Killer’s mother asks for charity

The mother of executed killer Bobby Wayne Swisher is soliciting donations to memorialize and cremate her son.

The request is listed at the end of Swisher’s obituary.

Sandi McNees, the mother of the victim Swisher raped and killed on Feb. 5, 1997, had no comment about the “Bobby Swisher Funeral Fund.”

But McNees, 52, of Stuarts Draft, noted that a similar fund was used for a funeral and burial of her 22-year-old daughter, Dawn McNees Snyder.

Unlike Swisher’s fund, however, McNees said an independent third party administered the account and that no family members had access. The money that was left over was put into a college fund for Snyder’s daughter, who is now 9.

“I never touched that money,” McNees said Thursday. “I had a private person in charge of the fund. I and nobody in Dawn’s family had anything to do with that fund.

“She did not have any insurance,” McNees said of her daughter. “Being 22, that was not a high priority in her life.”

Swisher’s mother, Blanch Swisher of Haymarket, said she — and not a third party — will oversee the fund and use it for a memorial service Sunday and cremation.

“Then I’ll be taking him home,” Blanch Swisher said.

Under Virginia law, inmates who die in prison are taken to the state medical examiner’s office in Richmond for a routine autopsy.

In Swisher’s case, the autopsy is to prove that he died in the prescribed manner ordered by the court. An official at the medical examiner’s office said Thursday that Swisher’s death certificate reads: “Lethal injection due to judicial execution” Tuesday.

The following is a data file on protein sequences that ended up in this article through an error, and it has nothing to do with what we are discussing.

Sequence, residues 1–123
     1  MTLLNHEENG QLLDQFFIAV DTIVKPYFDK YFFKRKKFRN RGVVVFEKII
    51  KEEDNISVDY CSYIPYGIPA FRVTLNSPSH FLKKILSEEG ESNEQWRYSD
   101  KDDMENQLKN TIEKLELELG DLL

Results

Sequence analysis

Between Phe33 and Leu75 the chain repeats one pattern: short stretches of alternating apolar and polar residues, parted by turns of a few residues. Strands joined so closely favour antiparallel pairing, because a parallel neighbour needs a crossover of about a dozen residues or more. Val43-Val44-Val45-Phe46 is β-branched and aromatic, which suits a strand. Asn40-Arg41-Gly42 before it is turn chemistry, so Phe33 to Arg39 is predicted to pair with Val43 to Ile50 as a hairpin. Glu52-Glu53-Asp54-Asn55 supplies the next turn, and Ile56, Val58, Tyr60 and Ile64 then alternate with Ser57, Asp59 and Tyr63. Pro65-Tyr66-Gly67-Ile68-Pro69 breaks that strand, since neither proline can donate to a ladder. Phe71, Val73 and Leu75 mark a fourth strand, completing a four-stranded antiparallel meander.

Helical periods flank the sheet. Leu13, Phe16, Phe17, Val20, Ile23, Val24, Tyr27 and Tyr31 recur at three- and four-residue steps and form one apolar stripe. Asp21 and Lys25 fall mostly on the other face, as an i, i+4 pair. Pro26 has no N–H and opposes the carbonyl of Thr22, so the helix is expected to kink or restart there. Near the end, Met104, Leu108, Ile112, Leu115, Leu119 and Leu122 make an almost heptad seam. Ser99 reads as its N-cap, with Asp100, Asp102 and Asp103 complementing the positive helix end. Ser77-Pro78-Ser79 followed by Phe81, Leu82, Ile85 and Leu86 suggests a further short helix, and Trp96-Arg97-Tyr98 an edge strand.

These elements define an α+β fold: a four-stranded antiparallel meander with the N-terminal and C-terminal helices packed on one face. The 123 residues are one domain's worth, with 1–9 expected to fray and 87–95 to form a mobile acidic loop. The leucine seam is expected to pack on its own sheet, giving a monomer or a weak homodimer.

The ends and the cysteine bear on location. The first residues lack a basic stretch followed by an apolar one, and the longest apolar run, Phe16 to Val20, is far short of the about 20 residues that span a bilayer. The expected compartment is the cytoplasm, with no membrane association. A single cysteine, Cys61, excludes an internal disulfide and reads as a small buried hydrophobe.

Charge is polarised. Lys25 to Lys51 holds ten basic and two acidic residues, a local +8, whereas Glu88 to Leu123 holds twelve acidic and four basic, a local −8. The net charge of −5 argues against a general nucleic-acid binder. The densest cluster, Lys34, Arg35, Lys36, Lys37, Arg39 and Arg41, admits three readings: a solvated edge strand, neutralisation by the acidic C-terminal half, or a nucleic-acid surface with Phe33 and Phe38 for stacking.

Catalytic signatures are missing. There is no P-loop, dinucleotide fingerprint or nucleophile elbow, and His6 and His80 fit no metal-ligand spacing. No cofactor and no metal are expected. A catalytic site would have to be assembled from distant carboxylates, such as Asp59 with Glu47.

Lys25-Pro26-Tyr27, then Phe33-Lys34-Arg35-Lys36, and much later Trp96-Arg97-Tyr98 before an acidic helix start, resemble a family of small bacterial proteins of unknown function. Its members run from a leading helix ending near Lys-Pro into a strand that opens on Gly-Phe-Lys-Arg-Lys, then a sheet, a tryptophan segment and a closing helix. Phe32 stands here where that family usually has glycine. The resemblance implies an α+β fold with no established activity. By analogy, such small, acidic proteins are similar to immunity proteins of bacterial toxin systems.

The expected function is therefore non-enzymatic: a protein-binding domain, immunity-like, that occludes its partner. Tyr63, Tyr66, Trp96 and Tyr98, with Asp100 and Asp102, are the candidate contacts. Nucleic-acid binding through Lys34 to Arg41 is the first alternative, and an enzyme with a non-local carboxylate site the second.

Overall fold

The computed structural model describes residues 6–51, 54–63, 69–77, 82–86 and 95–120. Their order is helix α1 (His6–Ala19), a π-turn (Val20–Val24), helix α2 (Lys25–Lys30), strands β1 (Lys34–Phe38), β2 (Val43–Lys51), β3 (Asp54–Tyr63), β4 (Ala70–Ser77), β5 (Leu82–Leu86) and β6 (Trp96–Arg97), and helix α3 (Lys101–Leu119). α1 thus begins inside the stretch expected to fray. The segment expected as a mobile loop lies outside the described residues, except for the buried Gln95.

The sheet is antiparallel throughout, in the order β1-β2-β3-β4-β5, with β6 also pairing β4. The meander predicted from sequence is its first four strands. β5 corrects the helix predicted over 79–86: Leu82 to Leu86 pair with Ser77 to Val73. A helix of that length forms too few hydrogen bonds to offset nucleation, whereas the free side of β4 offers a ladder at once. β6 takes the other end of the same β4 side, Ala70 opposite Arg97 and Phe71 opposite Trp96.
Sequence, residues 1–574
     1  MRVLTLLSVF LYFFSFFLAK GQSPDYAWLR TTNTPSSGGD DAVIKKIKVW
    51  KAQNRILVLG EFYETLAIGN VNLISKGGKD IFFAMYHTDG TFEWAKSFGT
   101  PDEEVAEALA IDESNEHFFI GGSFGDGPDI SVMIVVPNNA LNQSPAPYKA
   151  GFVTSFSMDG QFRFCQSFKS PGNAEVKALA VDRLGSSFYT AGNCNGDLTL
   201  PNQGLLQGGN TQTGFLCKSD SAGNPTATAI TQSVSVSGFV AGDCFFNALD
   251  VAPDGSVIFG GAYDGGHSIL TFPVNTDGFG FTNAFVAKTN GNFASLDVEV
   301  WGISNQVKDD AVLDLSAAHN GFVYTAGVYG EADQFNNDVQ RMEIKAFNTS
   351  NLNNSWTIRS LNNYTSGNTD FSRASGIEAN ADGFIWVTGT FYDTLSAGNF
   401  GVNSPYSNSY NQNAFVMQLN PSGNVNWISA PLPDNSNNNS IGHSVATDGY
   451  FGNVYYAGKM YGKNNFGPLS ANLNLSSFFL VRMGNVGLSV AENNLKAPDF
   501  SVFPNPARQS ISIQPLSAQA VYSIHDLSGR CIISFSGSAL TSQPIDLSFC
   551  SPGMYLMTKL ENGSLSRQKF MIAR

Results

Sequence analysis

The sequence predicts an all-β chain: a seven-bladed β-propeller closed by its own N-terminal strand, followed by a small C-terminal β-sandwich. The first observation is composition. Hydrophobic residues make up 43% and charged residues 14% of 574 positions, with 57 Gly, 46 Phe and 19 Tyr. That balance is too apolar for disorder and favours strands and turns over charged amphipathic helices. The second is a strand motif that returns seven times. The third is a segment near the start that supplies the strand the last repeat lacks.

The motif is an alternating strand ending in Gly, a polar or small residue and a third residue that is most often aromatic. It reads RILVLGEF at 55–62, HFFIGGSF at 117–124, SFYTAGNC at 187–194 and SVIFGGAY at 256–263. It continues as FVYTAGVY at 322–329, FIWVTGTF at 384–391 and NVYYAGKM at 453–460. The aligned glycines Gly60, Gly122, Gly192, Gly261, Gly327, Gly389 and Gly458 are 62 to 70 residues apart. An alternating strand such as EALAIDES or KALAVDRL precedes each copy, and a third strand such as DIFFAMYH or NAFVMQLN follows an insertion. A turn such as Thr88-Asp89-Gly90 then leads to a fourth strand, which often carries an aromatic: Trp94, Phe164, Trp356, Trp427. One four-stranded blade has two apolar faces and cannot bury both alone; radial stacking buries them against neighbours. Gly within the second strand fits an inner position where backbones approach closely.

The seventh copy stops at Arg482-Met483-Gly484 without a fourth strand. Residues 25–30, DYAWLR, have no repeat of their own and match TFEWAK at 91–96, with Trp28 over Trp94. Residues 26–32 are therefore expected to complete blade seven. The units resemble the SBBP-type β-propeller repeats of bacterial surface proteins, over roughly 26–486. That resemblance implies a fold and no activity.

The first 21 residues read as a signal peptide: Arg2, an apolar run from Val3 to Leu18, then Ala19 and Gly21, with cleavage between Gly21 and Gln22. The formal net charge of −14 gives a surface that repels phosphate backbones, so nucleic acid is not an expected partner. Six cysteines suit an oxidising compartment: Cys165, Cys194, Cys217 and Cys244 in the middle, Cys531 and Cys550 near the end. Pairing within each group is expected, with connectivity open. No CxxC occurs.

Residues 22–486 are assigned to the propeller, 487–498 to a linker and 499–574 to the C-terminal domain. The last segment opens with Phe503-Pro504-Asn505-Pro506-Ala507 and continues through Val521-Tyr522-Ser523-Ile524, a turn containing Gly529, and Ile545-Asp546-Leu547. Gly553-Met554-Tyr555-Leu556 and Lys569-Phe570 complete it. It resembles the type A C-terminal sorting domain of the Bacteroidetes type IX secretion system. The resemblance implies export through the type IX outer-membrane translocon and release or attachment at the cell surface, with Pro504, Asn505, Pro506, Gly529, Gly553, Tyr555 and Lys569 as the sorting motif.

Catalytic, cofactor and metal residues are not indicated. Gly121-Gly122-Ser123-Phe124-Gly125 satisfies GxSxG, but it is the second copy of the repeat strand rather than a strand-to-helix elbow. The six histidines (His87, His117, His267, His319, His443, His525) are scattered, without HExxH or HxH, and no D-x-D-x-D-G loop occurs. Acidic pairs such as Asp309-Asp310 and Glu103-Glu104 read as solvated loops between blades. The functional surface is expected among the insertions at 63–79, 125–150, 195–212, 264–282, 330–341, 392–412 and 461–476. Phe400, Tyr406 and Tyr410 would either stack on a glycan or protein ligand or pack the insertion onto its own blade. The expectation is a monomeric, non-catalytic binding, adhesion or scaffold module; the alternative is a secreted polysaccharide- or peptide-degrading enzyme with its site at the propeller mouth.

If Swisher’s next of kin could not have been located, then the state Department of Corrections would have cremated him and disposed of his remains, agency spokesman Larry Traylor said.

The medical examiner’s office first tries to locate next of kin. If that fails, the sheriff of the county where the next of kin is believed to be living tries to track down relatives. That county is responsible for burying or cremating the body and paying for it should the closest relative be indigent.

Swisher’s mother decided at least several weeks ago to set up an account in her son’s name at a Stuarts Draft bank.

“The state’s not gonna pay for it,” she said. “I didn’t have a life-insurance policy on the boy.”

Any money left over either will go to her church, to the victim’s family or to a little girl her son had been sponsoring abroad, Blanch Swisher said.

“Bobby was sponsoring a child –one of the children overseas,” she said. “He sent the money he made working in prison, 32 cents a day, and took out what he could from his account and sent the rest to her. I didn’t know it until his spiritual adviser told me.”

Of her plans for any leftover funds, she said: “It’s nobody’s business but mine.”

J. Todd Foster is managing editor at The (Waynesboro) News Virginian. Contact him at [email protected]